There are a multitude of life lessons one can take from death on how perhaps they should continue to live their own life. But how exactly do you put each teaching into action? Which are the right and wrong ways to go about things? And setting aside all that. Were we even living right to begin with? There’s no defining way in which any individual should or shouldn’t live their lives (within reason) but there is an ultimate question that comes from it all; where will I go when I die? Whether it was the bands intentions or not, it is a funny premise to contemplate. Is there a place we go that reflects on both the good and bad we have done? A Holy Hell for lack of a better term. Sonically and lyrically the title track seems to question this thought. The track is one of the more blistering tunes on the album and almost sets forth a fiery and angry tone, and yet its rhythm and some of its subject matter seem to suggest a balance of ideals and questions one could be presented when it comes to that one big question to counterpoint. The group has always seemed to strive to produce lyrics that are both thought provoking and insightful and it seems that yet again Architects have excelled in this. This track will be sure to incite a mosh pit that will shake the rafters, all the while instilling a vast array of questions for the listener to ponder once they’ve finished banging their heads.
We all have hopes, dreams, wishes, wants, desires (and more) when it comes to our lives. Things we feel we can’t live without for the fear that our life will then be unfulfilled and incomplete. We beg, pray and demand for these thoughts and notions to the point that we start to lose sight of the main point. Life is short. Relish in each and every day you have. Notice and appreciate the little things, because one day you’ll no longer be able to do this. Spend those extra minutes listening to your grand parent tell you about stories of their own childhood. Watch the sun both set and rise. Take time to breathe and look around at all that is going on around you. These are simple facts that could actually help us to lead fuller lives, yet ones we so often take for granted, and it’s an absolute shame. “Royal Beggars” is the defining gospel for all of these realities. It is the metaphorical brass tacks that many of us (including myself) should truly take into consideration when living what is left of our lives. Sam Carter’s harmonious voice when singing the beginning words sets enough of a tone in conducting these sentiments, and yet thankfully there’s so much more to truly drive the point home. The calmer moments of the song paralleled by the more intense heavier moments only reverberates this even further. To quote a heavy-handed cliché, ‘wake up and smell the roses’ because there is so much more to life that we have yet to discover.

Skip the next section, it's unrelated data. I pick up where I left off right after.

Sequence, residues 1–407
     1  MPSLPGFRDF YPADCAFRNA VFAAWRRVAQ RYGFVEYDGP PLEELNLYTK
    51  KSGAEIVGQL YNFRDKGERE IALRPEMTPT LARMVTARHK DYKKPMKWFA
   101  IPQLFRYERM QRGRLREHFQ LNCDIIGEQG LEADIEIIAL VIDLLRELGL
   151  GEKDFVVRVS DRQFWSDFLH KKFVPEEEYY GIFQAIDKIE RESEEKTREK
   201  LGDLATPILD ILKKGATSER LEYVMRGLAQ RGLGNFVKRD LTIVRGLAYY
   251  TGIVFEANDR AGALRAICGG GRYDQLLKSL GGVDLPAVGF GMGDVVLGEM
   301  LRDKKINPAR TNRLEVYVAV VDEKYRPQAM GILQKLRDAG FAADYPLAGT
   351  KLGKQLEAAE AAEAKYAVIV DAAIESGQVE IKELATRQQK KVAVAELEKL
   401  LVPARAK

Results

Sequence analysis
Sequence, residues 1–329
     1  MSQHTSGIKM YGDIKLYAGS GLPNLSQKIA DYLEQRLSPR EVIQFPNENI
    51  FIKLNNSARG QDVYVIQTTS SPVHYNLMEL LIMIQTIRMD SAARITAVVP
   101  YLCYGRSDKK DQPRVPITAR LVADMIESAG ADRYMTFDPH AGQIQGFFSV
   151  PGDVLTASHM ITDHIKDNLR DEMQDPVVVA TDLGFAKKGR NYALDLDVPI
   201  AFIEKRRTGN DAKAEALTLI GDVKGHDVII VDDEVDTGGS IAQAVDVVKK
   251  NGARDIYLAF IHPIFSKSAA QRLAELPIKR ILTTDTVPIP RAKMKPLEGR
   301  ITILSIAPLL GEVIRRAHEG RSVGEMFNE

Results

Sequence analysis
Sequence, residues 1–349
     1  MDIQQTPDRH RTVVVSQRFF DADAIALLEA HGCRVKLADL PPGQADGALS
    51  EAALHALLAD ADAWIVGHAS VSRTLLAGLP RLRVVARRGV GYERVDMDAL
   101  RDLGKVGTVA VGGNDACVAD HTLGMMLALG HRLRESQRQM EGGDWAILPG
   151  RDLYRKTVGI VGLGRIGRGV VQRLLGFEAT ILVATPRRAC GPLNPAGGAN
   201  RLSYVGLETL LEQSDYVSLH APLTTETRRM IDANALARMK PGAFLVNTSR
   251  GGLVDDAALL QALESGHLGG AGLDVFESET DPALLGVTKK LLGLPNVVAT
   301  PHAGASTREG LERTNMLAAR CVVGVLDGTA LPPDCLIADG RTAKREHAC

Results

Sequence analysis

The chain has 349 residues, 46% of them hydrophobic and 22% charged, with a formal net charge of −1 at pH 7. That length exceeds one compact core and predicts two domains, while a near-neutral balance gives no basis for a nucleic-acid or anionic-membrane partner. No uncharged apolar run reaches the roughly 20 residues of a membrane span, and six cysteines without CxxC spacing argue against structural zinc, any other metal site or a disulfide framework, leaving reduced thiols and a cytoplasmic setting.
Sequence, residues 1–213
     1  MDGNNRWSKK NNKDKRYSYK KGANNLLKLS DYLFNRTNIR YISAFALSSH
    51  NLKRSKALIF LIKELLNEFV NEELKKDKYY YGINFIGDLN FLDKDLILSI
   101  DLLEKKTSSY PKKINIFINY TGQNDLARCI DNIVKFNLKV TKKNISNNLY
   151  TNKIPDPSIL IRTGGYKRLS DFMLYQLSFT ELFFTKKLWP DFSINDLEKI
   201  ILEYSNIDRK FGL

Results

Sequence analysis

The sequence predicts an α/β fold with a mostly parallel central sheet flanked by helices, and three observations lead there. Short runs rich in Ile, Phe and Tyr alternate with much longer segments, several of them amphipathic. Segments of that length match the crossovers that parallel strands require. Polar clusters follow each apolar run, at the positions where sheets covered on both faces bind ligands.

If there were a song that completely shouts out the affects of what could happen if we don’t listen to “Royal Beggars” then that could only be “Modern Misery”. Lyrically this track seems to be the example of the tragic outcome that could take place if so many of us continue on such a petty and greedy path. The human race as almost a whole has always taken advantage of whatever it is that’s in front of them. Everything from materialistic bullshit to what this planet provides us with is just used and abused to the point of exhaustion. We ignore all that’s great and good and we simply use and abuse both things and other people. And in the end, we have all but nothing to show for it. We run aimlessly in circles so focused on the meaningless then the question could be asked, did we every truly live? Sonically the song sets an overall tone of taking. Its heavy draw itself almost seems to take your breath away if only to show you exactly what could be lost. The chorus both in sound and word is delivered as an almost cry for the world to wake up and take notice. In the final moments of the song, Sam Carter belts out ‘we used to run with the wolves’ multiple times as if to tell the listener that there was a time that we all used to be able to find true appreciation for life and hence we lived life to our fullest capabilities. It’s time we did that once again.